General guidelines for drug treatment in children and adolescents

The treatment of children and adolescents with psychoactive drugs should be carried out by physicians with specific training in psychopharmacology and appropriate experience with this age group. Prescribing medication for behavioural or emotional problems in children should not be regarded as a routine matter that can be dealt with by general practitioners who have minimal time to devote to the patient. Each young patient receiving psychoactive drug treatment should be cared for by a physician with sufficient resources to perform a proper evaluation and work-up, to discuss the treatment rationale with child and family (and sometimes others, including teachers), and to undertake periodic reassessments of drug response and side-effects. Ideally, responsible clinicians should prescribe only drugs that have been shown in research to be both safe and efficacious by at least two independent centres.

Generally speaking, pharmacological treatment should rarely, if ever, be the only mode of treatment in children with psychiatric disorder. Educational and psychological interventions should usually be considered before psychopharmacological interventions are discussed. The medication dose should always be the lowest possible and given only as many times per day as necessary to achieve optimal management of the child's behaviour. Titration of the dosage should start at a low level, except in the rare instance of an emergency situation, followed by small dose increments at intervals sufficiently separated to allow proper evaluation of the efficacy of each dosage. It is usually wise to avoid polypharmacy. However, with growing awareness that comorbidity is the rule rather than the exception in child psychiatry, and that many drugs target symptoms rather than disorders, the prescription of more than one drug can sometimes be seen as a rational step. Multiple assessments by several informants should be employed whenever possible. Parents should be discouraged from adjusting the medication dosage without consulting the physician in charge of the child's treatment. The whole family (child, parents and, sometimes, siblings) should be informed about the benefits and hazards of medication.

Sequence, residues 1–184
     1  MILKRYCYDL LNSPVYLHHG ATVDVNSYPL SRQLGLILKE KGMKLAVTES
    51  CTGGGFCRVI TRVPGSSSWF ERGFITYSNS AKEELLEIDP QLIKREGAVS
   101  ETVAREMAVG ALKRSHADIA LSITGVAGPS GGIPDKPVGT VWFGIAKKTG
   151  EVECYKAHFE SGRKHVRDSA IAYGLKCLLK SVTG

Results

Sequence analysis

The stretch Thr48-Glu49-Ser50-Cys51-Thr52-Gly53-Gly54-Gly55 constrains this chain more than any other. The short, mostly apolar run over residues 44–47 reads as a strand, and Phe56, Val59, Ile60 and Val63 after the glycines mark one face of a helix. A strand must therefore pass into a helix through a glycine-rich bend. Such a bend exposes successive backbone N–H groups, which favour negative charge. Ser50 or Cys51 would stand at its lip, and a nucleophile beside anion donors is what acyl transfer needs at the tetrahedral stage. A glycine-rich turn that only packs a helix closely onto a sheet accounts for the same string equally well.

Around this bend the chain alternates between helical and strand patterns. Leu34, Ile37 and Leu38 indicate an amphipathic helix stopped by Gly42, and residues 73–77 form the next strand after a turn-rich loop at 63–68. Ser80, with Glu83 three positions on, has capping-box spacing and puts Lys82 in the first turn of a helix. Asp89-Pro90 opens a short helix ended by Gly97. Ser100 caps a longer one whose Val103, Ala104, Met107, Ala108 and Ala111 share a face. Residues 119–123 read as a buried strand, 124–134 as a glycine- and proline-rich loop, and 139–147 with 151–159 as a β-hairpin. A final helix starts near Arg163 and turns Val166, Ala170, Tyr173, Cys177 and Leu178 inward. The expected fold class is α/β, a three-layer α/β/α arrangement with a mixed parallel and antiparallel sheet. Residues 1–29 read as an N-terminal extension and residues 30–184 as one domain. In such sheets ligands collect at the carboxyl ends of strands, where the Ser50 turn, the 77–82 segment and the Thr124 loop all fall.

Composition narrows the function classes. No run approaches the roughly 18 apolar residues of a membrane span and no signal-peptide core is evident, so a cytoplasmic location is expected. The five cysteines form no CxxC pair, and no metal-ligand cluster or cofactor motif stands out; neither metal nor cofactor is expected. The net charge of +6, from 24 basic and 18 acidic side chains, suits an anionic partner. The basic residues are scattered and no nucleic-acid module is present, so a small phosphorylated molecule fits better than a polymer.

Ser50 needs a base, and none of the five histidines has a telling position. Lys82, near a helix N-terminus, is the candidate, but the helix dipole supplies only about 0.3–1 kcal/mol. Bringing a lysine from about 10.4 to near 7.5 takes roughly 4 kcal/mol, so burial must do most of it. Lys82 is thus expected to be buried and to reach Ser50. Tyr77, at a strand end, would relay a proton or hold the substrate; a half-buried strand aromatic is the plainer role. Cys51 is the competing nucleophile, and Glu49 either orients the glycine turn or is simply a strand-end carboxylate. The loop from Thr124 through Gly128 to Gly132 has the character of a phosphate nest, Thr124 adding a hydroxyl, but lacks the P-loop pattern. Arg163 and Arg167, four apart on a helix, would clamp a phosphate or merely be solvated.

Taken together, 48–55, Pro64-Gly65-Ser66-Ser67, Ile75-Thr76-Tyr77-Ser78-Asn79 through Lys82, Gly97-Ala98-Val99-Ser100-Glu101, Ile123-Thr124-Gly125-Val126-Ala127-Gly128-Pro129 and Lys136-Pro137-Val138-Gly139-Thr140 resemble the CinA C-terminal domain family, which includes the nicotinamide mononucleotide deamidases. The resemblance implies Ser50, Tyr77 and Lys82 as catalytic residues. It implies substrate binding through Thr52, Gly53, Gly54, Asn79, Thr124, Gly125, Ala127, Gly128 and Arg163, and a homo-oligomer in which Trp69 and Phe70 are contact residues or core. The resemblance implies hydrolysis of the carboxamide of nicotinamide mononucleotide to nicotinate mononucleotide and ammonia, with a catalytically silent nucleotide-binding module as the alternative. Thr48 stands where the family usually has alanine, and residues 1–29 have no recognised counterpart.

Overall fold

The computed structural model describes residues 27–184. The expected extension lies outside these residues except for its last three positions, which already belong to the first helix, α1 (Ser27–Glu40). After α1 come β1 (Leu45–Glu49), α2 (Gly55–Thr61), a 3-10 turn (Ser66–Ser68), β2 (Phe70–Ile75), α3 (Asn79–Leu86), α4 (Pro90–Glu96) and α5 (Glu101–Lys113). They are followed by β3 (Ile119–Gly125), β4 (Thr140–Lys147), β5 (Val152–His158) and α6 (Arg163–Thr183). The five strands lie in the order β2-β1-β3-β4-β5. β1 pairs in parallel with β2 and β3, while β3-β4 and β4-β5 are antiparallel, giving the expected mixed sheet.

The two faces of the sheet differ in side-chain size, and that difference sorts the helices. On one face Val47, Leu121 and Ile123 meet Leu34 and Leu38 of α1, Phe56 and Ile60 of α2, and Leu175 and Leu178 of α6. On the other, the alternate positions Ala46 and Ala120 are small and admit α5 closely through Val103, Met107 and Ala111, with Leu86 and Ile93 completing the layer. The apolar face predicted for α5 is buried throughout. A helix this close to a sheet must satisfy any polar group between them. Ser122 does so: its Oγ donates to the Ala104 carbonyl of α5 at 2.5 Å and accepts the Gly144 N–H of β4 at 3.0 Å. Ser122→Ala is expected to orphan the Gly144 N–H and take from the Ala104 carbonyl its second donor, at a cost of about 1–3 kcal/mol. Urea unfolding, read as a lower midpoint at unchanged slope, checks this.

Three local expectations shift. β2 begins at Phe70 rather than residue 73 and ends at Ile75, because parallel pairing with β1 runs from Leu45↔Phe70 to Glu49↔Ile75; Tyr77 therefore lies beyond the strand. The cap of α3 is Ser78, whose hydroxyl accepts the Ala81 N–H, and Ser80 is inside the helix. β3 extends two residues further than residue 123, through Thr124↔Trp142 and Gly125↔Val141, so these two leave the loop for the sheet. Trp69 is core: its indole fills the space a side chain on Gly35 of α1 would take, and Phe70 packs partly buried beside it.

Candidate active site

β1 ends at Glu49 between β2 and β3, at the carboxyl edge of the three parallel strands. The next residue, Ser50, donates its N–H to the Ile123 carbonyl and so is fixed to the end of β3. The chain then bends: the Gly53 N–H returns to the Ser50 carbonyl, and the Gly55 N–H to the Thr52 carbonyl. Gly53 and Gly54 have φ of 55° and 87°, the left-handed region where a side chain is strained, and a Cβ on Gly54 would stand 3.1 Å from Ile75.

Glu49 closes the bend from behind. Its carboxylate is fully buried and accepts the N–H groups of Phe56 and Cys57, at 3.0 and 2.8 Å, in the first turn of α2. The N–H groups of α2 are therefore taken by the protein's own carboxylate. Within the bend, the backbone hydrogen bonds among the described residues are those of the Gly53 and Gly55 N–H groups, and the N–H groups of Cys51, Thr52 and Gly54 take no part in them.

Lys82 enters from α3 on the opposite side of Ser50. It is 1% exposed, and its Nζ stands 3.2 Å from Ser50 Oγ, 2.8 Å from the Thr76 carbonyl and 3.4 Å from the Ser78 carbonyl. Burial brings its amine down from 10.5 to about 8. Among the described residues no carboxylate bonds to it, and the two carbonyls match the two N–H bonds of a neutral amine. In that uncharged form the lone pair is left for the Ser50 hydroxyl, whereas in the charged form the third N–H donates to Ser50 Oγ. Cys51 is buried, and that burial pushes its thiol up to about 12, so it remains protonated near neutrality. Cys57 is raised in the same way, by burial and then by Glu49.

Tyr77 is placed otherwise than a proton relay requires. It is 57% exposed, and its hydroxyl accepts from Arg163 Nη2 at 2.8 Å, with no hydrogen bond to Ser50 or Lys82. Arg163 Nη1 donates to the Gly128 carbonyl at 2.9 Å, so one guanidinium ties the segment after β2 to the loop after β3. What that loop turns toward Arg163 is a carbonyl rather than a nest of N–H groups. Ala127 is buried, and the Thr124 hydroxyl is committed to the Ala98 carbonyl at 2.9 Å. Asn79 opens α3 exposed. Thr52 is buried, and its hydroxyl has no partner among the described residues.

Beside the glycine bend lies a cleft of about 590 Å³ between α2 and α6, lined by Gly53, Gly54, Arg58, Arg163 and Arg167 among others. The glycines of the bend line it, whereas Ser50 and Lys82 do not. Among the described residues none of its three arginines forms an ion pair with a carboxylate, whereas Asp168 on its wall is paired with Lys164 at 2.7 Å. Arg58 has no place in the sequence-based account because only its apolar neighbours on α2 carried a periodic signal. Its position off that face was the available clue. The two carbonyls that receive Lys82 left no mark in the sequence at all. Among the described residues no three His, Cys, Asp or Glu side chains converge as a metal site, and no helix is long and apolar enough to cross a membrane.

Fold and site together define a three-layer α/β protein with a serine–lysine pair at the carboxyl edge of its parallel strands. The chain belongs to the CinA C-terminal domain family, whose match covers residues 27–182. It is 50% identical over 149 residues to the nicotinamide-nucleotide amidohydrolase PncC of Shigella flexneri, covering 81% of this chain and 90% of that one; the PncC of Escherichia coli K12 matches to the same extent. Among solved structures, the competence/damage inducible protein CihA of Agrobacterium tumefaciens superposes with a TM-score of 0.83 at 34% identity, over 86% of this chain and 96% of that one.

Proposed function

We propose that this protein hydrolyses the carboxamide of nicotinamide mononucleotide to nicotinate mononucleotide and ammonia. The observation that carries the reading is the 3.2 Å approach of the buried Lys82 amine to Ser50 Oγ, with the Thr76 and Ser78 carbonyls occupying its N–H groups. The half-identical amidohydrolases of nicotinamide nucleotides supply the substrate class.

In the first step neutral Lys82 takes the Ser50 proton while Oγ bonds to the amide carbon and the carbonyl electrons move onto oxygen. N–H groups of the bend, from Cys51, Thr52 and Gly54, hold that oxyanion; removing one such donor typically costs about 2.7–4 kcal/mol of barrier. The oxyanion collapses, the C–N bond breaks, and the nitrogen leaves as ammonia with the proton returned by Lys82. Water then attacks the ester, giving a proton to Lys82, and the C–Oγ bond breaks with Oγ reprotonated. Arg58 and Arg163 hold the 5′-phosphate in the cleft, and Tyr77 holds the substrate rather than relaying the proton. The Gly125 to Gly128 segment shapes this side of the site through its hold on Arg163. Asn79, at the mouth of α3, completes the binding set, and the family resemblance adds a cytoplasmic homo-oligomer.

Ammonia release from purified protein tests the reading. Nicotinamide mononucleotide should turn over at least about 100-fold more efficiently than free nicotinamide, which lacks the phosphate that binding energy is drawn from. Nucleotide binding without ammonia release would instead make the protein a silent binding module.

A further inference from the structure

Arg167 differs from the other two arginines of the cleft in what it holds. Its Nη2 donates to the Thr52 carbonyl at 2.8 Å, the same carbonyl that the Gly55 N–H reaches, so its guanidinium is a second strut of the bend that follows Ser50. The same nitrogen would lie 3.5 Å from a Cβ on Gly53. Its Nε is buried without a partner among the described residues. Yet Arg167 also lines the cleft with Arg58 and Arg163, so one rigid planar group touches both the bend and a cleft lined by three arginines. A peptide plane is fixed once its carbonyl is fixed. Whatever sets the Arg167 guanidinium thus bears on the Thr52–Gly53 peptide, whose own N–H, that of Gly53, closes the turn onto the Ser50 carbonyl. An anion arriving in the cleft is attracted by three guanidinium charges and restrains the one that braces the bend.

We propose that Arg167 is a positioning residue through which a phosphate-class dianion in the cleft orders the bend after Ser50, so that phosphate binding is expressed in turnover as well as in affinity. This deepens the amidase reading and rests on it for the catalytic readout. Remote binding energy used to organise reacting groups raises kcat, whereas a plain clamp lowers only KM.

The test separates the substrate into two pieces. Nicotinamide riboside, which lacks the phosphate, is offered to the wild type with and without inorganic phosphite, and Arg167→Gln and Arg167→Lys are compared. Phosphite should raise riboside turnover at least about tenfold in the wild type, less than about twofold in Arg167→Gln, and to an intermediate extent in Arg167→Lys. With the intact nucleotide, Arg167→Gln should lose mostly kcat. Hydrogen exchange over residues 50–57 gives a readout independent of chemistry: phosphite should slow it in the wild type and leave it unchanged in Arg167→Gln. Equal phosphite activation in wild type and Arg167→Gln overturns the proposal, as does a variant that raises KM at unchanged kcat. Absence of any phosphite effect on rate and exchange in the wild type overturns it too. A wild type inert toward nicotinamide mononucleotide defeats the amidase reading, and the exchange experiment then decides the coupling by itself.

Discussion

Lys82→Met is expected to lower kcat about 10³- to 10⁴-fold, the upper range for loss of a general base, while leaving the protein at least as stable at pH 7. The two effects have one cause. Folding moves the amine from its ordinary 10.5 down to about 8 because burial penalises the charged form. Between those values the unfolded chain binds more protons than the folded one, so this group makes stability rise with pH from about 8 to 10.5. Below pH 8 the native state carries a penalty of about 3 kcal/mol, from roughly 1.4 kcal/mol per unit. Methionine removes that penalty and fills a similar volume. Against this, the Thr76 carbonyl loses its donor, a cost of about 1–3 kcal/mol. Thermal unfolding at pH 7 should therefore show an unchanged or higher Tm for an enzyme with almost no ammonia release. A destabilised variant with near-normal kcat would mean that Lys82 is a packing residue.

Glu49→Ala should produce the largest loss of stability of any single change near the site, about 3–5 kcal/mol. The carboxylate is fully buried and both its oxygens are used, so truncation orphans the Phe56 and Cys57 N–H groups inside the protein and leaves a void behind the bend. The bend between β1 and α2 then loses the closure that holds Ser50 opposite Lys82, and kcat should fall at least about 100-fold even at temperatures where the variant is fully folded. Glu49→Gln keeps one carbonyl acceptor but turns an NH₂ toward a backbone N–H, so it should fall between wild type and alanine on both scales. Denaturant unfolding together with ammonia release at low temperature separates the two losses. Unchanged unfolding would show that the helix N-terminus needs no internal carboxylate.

There are special problems associated with the prescription of psychoactive drugs for children and adolescents with behavioural and/or emotional problems and concomitant mental retardation and/or seizure disorder.(!) It seems clear that there has been considerable overmedication and failure of drug monitoring in people with mental retardation. Although psychiatric disorder is frequent in this population, few studies have demonstrated any positive effects of psychoactive drugs in mentally retarded children and adolescents, and medication can be withdrawn from many individuals without an increase in problems. (2) Therefore it seems reasonable to assume that unnecessary pharmacotherapy is commonplace in this group. Those with seizure disorders, with or without mental retardation, also have elevated rates of psychiatric disorder. It is surprising that, in this psychiatrically disturbed group with seizure disorder, there have been few studies of psychoactive drugs and even anticonvulsive drug therapies have been poorly evaluated. The indications for the psychoactive drug treatment of children and adolescents with mental retardation or seizure disorders are basically the same as for individuals without these complicating features. However, for some drugs and in certain circumstances, side-effects and poorer efficacy make psychoactive drugs less appealing for individuals with mental retardation and/or seizure disorder. For example, central stimulants produce a low response rate in severely retarded people and tend to lower seizure thresholds.

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